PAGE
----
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Visual ExperienceSensation, Cognition, and Constancy$
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Gary Hatfield and Sarah Allred

Print publication date: 2012

Print ISBN-13: 9780199597277

Published to Oxford Scholarship Online: September 2012

DOI: 10.1093/acprof:oso/9780199597277.001.0001

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Sensory and Cognitive Explanations for a Century of Size Constancy Research

Sensory and Cognitive Explanations for a Century of Size Constancy Research

Chapter:
(p.63) Chapter 3 Sensory and Cognitive Explanations for a Century of Size Constancy Research
Source:
Visual Experience
Author(s):

Mark Wagner

Publisher:
Oxford University Press
DOI:10.1093/acprof:oso/9780199597277.003.0004

This chapter reviews size constancy research over the last ninety years. A meta-analysis of this research yields a number of conclusions. For frontally oriented stimuli under full-cue conditions, projective instructions produce strong underconstancy, apparent instructions approximate constancy, objective instructions display overconstancy, and perspective instructions show strong overconstancy. Flat stimuli and reduced-cue conditions yield underconstancy. There is a tendency toward underconstancy in very young subjects, constancy for teenagers, and overconstancy for adults. These results are explained in terms of the transformation theory for size judgment. The chapter also discusses attempts to separate size constancy judgments into sensory and cognitive components. It argues that this distinction is not meaningful unless the sensory component is phenomenally experienced and reportable under some set of experimental conditions. Unfortunately, there is no unambiguous way to determine whether such reference conditions exist. An alternative is a Gestalt approach that sees different instructions as generating different mental organizations.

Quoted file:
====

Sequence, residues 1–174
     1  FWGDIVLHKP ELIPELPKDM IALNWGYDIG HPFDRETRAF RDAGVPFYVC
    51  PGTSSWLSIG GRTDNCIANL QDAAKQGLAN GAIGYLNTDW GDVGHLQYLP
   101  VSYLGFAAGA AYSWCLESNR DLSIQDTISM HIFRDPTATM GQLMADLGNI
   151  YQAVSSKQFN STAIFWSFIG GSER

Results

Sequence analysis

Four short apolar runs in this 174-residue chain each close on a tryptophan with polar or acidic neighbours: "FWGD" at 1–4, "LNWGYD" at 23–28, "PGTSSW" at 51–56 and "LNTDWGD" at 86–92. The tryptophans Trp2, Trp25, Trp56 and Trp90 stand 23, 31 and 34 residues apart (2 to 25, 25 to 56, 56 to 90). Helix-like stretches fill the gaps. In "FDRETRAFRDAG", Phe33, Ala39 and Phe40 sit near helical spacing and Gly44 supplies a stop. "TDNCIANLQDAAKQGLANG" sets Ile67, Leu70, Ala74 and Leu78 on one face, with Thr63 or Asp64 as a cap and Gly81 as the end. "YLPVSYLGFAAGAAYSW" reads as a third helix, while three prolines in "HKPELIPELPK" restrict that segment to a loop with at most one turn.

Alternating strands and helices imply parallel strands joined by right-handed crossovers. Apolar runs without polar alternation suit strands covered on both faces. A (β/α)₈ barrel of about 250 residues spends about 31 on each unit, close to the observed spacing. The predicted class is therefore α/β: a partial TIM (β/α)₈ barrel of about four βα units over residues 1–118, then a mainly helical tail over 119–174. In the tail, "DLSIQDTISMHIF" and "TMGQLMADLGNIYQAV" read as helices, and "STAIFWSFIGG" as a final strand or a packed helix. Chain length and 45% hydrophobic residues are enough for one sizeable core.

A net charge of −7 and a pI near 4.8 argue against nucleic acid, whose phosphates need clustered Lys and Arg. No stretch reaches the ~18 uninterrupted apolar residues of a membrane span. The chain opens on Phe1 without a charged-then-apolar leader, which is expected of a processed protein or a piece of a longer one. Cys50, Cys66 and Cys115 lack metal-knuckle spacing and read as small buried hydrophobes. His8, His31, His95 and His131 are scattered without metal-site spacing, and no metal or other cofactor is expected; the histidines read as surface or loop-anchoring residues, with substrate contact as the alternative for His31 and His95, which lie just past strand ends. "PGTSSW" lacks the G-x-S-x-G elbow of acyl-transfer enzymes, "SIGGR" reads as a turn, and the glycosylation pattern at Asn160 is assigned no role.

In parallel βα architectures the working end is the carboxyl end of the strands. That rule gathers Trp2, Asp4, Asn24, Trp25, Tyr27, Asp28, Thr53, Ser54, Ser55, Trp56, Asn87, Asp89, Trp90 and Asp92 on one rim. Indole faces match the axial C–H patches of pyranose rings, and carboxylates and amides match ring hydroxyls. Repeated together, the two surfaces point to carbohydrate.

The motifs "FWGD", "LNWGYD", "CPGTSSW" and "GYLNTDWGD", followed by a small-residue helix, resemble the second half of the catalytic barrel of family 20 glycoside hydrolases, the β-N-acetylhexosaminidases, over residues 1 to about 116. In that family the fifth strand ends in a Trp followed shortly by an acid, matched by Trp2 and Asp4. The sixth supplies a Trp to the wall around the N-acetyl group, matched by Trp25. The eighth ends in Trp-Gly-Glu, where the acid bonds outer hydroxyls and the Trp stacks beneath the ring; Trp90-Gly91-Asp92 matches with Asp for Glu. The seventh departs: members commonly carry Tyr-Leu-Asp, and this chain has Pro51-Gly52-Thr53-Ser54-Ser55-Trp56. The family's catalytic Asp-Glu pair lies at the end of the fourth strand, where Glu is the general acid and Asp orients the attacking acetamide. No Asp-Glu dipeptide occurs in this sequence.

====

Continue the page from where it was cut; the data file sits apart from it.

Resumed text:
Keywords:   projective instructions, underconstancy, overconstancy, size constancy judgments, flat stimuli, reduced-cue conditions

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